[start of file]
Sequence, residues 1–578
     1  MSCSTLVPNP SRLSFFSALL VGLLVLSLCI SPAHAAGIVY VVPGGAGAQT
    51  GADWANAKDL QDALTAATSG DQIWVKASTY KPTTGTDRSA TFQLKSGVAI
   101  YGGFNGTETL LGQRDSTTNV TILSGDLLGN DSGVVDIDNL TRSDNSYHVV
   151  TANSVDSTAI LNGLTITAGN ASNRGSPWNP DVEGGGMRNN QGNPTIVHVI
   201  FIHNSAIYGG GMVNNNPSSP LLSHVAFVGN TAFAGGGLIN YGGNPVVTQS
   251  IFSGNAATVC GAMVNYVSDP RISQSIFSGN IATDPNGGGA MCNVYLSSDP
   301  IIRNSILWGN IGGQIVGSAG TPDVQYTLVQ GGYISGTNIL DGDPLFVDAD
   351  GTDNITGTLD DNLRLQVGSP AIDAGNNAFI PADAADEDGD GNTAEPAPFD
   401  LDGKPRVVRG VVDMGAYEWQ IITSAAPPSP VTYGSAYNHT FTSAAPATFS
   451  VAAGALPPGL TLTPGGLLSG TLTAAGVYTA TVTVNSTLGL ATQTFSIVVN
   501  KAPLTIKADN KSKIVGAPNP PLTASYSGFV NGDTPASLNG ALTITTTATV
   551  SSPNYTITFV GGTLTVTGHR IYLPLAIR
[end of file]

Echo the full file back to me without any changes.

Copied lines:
Sequence, residues 1–578
     1  MSCSTLVPNP SRLSFFSALL VGLLVLSLCI SPAHAAGIVY VVPGGAGAQT
    51  GADWANAKDL QDALTAATSG DQIWVKASTY KPTTGTDRSA TFQLKSGVAI
   101  YGGFNGTETL LGQRDSTTNV TILSGDLLGN DSGVVDIDNL TRSDNSYHVV
   151  TANSVDSTAI LNGLTITAGN ASNRGSPWNP DVEGGGMRNN QGNPTIVHVI
   201  FIHNSAIYGG GMVNNNPSSP LLSHVAFVGN TAFAGGGLIN YGGNPVVTQS
   251  IFSGNAATVC GAMVNYVSDP RISQSIFSGN IATDPNGGGA MCNVYLSSDP
   301  IIRNSILWGN IGGQIVGSAG TPDVQYTLVQ GGYISGTNIL DGDPLFVDAD
   351  GTDNITGTLD DNLRLQVGSP AIDAGNNAFI PADAADEDGD GNTAEPAPFD
   401  LDGKPRVVRG VVDMGAYEWQ IITSAAPPSP VTYGSAYNHT FTSAAPATFS
   451  VAAGALPPGL TLTPGGLLSG TLTAAGVYTA TVTVNSTLGL ATQTFSIVVN
   501  KAPLTIKADN KSKIVGAPNP PLTASYSGFV NGDTPASLNG ALTITTTATV
   551  SSPNYTITFV GGTLTVTGHR IYLPLAIR